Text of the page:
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Currancy Exchange for London Olympics for GBP

Currancy Exchange for London Olympics for GBP

Jul 23rd, 2012, 04:58 AM
  #21  
 
Join Date: Jan 2003
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NeoPatrick.....I always stop at a convenience store to pick up snacks for half time at the theatre and I don't make any effort to hide them. I have a bag I carry with me at all times and often times it is checkied. I don't hide the bottles. I've never had the slightest problem or look and I've been doing it for years. What would be the problem anyway? (Especially since rarely do any of the theatres have the deired flavor of soda pop I want i.e. diet coke cherry...can't drink Pepsi and I usually can get 2 500 ml bottles for about £1.20 or something like tha...still excpensive by my standards but far better than what they rip you off with at the theatre! (it's too bad though I can't get ice cream but c'est la vie).
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Jul 23rd, 2012, 05:48 AM
  #22  
 
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The lie is already half-way across the world but here is truth putting his boots on.
http://www.paymentscouncil.org.uk/me...s/-/page/2196/
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Jul 23rd, 2012, 07:01 AM
  #23  
 
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xyz, I recently tried entering a local theatre with half a small bottle of water -- left from a stop a little earlier. It was confiscated. There is NO WAY I could enter with my own water, yet alone snacks. Why? Because they'd rather sell the same bottle of water for $6.50 -- yes, that's right -- that I just bought at a convenience store for 99 cents. I've also seen them search small backpacks or daypacks and confiscate snacks and water as well!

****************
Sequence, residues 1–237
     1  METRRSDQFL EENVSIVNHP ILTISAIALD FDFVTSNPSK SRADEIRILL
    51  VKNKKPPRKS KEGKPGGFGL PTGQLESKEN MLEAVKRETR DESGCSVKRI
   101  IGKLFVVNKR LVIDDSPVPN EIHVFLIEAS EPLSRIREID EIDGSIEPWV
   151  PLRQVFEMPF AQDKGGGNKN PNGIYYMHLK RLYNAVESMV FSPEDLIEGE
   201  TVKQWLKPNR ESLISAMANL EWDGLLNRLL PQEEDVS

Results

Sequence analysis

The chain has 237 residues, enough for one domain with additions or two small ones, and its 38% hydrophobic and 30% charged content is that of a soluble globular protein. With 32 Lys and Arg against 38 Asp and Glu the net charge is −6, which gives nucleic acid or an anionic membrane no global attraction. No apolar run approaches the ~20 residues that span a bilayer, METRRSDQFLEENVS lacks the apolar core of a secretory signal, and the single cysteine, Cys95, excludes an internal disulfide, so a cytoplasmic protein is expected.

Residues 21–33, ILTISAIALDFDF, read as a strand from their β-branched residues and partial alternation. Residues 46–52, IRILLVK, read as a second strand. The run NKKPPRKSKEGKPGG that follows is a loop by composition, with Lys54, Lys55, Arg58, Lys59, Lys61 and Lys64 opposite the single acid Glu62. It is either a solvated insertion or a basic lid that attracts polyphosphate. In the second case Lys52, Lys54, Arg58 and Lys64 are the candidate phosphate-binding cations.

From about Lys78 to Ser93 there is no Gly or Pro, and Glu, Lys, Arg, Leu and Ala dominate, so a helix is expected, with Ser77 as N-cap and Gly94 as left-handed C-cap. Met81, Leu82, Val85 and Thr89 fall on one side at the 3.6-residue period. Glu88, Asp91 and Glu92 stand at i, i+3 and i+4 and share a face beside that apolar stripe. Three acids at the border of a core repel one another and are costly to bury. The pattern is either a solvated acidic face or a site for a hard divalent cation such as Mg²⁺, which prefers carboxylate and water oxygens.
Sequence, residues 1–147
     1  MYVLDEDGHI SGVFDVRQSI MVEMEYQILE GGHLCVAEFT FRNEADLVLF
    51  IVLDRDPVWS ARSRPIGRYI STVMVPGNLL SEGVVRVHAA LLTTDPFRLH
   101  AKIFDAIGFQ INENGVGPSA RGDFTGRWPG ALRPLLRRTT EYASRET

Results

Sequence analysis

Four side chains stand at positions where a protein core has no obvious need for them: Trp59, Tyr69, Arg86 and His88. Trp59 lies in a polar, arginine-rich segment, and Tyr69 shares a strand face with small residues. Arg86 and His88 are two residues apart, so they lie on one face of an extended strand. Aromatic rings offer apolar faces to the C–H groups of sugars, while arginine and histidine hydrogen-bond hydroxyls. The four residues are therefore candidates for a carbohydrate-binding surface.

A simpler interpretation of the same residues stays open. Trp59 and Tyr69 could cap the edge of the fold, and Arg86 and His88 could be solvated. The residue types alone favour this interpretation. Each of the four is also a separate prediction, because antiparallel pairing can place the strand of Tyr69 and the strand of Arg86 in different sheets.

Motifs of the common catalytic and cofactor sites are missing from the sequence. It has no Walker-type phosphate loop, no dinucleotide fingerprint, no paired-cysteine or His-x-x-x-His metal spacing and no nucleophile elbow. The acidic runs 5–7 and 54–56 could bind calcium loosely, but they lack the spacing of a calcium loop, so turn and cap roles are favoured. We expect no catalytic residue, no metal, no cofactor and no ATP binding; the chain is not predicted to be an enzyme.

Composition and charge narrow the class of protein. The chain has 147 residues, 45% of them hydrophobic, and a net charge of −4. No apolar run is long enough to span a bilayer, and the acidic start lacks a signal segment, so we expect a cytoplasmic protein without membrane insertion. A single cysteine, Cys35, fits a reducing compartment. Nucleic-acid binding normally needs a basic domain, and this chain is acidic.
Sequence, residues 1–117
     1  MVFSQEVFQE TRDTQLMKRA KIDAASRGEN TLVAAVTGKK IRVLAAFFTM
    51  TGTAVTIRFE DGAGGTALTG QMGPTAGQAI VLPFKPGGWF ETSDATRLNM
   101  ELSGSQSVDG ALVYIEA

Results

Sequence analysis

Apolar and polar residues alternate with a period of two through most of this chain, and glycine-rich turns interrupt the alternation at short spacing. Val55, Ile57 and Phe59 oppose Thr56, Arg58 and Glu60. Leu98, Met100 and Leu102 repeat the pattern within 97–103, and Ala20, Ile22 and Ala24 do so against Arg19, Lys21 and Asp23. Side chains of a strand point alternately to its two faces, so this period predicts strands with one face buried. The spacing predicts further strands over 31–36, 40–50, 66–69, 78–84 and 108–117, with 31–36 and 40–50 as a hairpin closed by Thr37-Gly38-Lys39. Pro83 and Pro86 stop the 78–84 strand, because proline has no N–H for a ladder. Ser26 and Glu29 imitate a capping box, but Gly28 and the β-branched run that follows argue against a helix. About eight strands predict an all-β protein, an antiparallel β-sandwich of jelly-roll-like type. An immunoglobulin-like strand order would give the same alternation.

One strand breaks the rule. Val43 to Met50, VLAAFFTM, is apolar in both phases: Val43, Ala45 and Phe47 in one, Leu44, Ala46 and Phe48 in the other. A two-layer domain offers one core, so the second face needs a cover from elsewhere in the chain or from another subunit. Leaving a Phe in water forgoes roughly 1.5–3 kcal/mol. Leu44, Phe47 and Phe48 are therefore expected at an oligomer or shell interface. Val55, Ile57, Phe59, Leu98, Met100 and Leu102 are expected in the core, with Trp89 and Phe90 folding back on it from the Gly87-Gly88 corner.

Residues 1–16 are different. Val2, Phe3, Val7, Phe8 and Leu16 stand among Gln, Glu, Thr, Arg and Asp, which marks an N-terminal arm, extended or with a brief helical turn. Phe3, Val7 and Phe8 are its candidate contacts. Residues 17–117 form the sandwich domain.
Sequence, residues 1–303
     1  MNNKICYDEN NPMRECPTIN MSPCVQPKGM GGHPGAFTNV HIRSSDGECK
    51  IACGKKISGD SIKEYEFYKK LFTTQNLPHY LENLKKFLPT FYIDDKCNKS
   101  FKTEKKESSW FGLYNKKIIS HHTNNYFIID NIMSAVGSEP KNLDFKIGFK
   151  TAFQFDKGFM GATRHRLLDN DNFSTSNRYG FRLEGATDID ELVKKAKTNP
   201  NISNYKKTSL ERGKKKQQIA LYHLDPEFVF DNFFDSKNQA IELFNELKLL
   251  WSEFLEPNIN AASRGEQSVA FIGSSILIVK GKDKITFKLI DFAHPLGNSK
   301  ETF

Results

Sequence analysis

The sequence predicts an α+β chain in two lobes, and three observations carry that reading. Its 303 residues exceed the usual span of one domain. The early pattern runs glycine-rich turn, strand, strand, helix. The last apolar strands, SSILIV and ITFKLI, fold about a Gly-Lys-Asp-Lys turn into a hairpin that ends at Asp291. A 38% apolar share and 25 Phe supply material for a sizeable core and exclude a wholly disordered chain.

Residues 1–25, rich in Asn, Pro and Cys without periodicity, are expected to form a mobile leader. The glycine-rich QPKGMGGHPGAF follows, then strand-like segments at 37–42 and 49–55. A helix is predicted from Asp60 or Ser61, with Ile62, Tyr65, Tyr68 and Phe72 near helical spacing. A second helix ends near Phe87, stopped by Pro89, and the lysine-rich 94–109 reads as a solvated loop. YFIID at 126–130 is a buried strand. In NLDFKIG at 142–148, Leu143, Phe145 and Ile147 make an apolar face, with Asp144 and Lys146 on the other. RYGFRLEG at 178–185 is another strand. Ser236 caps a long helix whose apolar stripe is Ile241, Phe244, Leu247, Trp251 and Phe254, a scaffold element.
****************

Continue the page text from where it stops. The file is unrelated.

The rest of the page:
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Jul 23rd, 2012, 07:17 AM
  #24  
 
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Dr_DoGood: "Well.. the advice of travellers is limited to their expereinces when they were in London, not under current conditions. Given an "on the spot report" by a journalist compared with experiences from God-knows-when maybe it was a logical deduction."

Almost half of those posting to this thread ARE Londoners . . .

(Giggled at the concept of 'half time' at the theatre. Was that sort of like an NBA game?)
janisj is online now  
Jul 23rd, 2012, 07:26 AM
  #25  
 
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janisj, I know what you mean as I have friends who also call it "half time" at the theatre. But that's OK, I talk about the "intermission show" of the Super Bowl -- so I guess we're even.
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Jul 23rd, 2012, 07:39 AM
  #26  
 
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And some who aren't Londoners actually talk with/email with Londoners nearly every day. Gosh, some of us even work with Londoners daily. You don't have to be "on the ground" to have current information these days.
StCirq is online now  
Jul 23rd, 2012, 07:59 AM
  #27  
 
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...actually in London, it's called the interval.

Neopatrick...I assume you're talking about North America with the confiscation of goodies. That's often done at the all parks too as you probably know. Of course, it's done at the airports too under the guise of security, at least soda pop (but we all know the real reason is to protect the concessions on the other side of security)....

janisj...in America it's called intermission...in London it's called the interval..I call it half time. (but then again, I'm weird...when a soccer team has not scored I say they have no score not nil).